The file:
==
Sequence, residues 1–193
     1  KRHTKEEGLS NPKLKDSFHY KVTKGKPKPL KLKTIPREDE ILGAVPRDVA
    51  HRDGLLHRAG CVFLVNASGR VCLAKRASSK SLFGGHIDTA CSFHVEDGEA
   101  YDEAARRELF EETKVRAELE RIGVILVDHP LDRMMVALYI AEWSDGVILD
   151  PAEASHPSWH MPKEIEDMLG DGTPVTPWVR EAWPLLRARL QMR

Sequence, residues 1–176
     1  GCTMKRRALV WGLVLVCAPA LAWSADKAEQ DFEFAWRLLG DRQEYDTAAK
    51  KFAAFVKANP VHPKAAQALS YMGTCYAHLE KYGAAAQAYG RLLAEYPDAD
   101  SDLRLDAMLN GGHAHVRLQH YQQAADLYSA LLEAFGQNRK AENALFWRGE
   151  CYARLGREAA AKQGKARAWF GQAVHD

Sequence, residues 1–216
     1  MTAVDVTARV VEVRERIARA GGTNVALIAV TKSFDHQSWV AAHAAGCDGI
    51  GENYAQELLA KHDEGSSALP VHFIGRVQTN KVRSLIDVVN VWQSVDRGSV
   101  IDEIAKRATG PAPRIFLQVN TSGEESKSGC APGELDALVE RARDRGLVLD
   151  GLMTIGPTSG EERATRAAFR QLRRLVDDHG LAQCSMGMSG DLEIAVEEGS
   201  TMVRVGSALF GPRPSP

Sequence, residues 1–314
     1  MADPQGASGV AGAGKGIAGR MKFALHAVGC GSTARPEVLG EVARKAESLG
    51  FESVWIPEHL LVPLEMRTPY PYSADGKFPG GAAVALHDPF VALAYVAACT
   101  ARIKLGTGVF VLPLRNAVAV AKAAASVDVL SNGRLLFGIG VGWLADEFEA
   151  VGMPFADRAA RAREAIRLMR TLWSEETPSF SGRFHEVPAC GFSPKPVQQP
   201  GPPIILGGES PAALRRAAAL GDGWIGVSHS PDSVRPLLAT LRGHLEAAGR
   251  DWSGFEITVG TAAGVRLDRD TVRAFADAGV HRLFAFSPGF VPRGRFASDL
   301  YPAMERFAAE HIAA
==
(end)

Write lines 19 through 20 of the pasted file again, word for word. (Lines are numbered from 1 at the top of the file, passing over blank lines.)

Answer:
    51  FESVWIPEHL LVPLEMRTPY PYSADGKFPG GAAVALHDPF VALAYVAACT
   101  ARIKLGTGVF VLPLRNAVAV AKAAASVDVL SNGRLLFGIG VGWLADEFEA